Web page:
But Curry, who left the music channel in 1994 and moved to Europe, may be remembered by even more people for his pioneering work in the emerging field of podcasting.
Curry, who dabbled in various Internet ventures after leaving his television gig, resurfaced last year as perhaps the most well-known face associated with podcasting, a technology that's opened the door for thousands of amateurs to create radio programs and find an audience for them on the Web.
Podcasting is more than a hobby for Curry, who has used it to launch a return to the airwaves this week with "PodShow," a new program he's hosting on Sirius Satellite Radio. The show, which is designed to showcase the best from the podcasting universe, is also Curry's own personal attempt to shake up what he sees as the homogenized landscape of corporate radio.
But is podcasting indeed part of a radio revolution in the making, or is it just another affectation that won't live up to the frisson of momentary attention? Curry talked to CNET News.com recently from his home in Guildford, England, where he podcasts the "Daily Source Code."
Q: I was able to listen to a bit of your podcast, the "Daily Source Code," the other day. It sounds like you're having a lot of fun with that.
Curry: Oh, yeah. I like it very much. I've been doing it for almost a year now.
Isn't podcasting a bit overhyped, though? After all, who wants to listen to some guy in Duluth waxing poetic about his tube-socks collection, for example?
Curry: Whether you're listening to or reading about someone talking about his tube socks, that could be deemed interesting to one or not interesting to most. But there's also some other stuff in there.
A lot of people are decent enough writers, and so the blogosphere is thriving. Aren't broadcast skills harder to come by?
Curry: Have you ever watched "The Osbournes"?
I haven't actually seen an episode, but I have heard about it.
Curry: Have you seen any real-life programming, what they call reality TV?
Sure. I've seen plenty of reality TV..."Supernanny," "The Bachelor"...
Curry: The first time you saw it, there was something interesting about it, right? It was probably because you'd never seen that before on TV. You're like, "Wait a minute. This is a different way of doing it. Something's changed here." Because there's actually real-life situations. Pretty much like the first time "Cops" came on. That was pretty exciting. You know, we've been beaten to death by it and it has nothing to do with reality programming because it's all sliced and diced and edited to pieces. But the first time you actually saw one camera unedited, following someone around, it was pretty interesting.
Now for 20 years, we've been listening to the radio, particularly in America, and it's all the same crap. No matter what market you go to, there's always a top 40 station, and then you have the light station, and then there's the news station--it's all the same.
What about NPR? It's pretty normal. It's sort of the exception.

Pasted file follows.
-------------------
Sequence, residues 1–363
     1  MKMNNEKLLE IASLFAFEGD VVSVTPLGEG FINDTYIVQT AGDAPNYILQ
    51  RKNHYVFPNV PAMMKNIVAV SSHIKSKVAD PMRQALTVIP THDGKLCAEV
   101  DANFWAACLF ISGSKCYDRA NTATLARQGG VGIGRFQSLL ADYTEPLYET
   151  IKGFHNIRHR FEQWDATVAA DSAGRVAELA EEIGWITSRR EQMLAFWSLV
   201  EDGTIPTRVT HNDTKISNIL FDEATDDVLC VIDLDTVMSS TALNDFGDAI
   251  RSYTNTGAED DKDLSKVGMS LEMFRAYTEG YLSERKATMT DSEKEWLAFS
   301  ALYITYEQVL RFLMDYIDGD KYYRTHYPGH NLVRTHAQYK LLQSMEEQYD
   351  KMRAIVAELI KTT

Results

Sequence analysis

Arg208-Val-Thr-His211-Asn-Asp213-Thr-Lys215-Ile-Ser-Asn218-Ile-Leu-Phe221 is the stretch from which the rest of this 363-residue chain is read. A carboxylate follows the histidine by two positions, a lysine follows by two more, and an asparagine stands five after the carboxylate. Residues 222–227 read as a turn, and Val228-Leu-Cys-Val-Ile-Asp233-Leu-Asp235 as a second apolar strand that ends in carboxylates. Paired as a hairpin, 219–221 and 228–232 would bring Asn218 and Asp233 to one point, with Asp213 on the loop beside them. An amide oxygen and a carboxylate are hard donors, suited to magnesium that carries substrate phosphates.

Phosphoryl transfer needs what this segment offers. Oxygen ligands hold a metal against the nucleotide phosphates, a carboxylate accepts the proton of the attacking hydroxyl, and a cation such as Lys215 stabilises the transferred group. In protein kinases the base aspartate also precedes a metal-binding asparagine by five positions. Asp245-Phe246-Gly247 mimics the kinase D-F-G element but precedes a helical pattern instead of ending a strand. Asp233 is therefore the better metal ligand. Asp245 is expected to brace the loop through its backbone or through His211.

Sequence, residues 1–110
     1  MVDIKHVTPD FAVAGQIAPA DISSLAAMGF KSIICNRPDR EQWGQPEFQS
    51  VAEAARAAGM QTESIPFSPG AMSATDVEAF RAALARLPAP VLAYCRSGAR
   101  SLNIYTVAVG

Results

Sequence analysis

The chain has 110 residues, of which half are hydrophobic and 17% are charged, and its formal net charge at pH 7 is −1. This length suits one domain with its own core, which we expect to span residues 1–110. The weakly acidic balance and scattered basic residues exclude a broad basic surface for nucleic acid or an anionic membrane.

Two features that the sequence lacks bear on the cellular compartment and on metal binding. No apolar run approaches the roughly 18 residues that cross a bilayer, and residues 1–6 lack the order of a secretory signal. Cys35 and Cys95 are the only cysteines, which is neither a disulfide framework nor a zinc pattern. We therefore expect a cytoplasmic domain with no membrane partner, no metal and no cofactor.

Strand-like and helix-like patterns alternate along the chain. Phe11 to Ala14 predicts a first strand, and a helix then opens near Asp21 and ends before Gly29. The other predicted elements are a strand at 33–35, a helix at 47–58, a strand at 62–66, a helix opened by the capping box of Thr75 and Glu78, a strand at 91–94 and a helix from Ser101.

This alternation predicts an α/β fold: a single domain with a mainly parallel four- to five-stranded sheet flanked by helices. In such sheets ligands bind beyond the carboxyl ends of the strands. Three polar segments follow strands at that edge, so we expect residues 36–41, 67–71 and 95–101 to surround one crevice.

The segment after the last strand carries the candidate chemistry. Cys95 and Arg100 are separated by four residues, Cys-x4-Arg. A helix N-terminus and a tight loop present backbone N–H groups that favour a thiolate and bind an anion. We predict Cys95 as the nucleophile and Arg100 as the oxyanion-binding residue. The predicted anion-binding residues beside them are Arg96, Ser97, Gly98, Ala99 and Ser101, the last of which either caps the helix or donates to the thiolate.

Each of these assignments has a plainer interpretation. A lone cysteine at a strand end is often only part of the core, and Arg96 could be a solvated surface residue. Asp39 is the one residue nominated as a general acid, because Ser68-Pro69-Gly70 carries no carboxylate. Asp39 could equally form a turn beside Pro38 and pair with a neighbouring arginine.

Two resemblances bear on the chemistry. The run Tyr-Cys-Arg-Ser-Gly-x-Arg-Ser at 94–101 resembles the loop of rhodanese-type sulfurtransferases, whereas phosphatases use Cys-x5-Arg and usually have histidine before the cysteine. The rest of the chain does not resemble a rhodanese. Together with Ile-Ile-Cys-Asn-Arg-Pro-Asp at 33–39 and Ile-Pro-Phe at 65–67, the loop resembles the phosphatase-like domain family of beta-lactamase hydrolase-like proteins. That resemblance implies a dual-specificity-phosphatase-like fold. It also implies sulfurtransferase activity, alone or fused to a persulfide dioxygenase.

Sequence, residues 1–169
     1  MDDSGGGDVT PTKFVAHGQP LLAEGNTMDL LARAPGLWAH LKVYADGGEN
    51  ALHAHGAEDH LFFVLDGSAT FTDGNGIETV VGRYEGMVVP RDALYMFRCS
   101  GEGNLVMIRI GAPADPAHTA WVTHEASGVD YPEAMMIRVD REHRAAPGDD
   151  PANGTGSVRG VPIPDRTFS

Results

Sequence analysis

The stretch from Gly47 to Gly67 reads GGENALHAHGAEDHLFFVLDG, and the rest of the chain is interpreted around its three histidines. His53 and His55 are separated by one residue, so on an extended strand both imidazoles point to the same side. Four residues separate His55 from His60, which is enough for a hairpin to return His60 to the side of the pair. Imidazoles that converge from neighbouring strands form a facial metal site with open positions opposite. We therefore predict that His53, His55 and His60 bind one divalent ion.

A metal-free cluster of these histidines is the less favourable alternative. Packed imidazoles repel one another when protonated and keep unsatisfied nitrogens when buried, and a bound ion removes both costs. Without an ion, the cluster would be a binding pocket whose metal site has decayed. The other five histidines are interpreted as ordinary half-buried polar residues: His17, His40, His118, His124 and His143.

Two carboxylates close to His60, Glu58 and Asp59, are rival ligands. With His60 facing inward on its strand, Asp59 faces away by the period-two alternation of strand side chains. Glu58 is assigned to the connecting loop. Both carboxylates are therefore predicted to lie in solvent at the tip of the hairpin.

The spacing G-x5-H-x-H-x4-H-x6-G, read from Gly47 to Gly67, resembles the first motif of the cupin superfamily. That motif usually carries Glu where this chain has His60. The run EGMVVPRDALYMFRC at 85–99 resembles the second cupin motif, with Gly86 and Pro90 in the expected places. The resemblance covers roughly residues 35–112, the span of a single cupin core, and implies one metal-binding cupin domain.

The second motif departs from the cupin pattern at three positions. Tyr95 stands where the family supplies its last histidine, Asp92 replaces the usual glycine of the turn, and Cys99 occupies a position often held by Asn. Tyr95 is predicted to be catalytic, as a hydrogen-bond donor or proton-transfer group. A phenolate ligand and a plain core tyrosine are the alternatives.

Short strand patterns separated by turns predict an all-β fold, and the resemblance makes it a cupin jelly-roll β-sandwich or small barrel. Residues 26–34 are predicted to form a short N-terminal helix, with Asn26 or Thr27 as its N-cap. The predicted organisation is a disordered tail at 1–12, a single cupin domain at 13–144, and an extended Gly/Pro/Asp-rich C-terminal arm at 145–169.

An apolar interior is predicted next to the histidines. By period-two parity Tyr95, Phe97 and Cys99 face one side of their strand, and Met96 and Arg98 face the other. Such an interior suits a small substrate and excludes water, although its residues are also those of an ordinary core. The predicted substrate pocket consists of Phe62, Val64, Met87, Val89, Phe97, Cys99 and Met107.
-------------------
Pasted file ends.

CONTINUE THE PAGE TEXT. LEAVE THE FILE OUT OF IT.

Curry: No, I totally disagree. People aren't normal. And by the way, when you turn on NPR, you have the whole weekend filled up with pledge drives. It's normal, but it's the same. There is no difference. The NPR format has not changed...You may find it more normal and that's probably true, but it's still the same type of show, same type of station.
Now all of a sudden, you're exposed to that same, "Wait a minute." Here's something else, here's something new, here's something a little raw around the edges. It's not quite as polished--that's interesting.
You're obviously really passionate about it. How did you get so involved in technology and the Internet?
Curry: I've always been involved and interested in technology. I built my first radio transmitter when I was 14 and made my mom drive me around the block to see how far it would reach. And then by certain circumstances I started to work in radio...not as an engineer but as someone who was behind the microphone. And in the meantime--this is when I was 15 or 16--when I was that age I had a part-time job at an electronics store and the first Commodore, before the 64, came out. And it was interesting. And so I just kind of learned about it through that.
I understand you were actually involved in creating some of the podcasting technology. In fact, some news outlets are calling you "podfather" and credit you with inventing it. Did you honestly invent podcasting?
Curry: Well, it depends on what part of invention you're talking about. I stand on the shoulders of giants, and I didn't come up with the word. But I did tie all the pieces together. There was technology out there built by a number of people, including Dave Winer.
Speaking of Dave Winer, he was sort of ranting on his blog recently about all the credit you're getting around podcasting. Have you guys had a little fallout recently?
Curry: I asked him to create that last piece. He didn't. I programmed it. I'm not a programmer, so I had to learn how to program. It took me quite a while. And then I put it out in open source and said here's this
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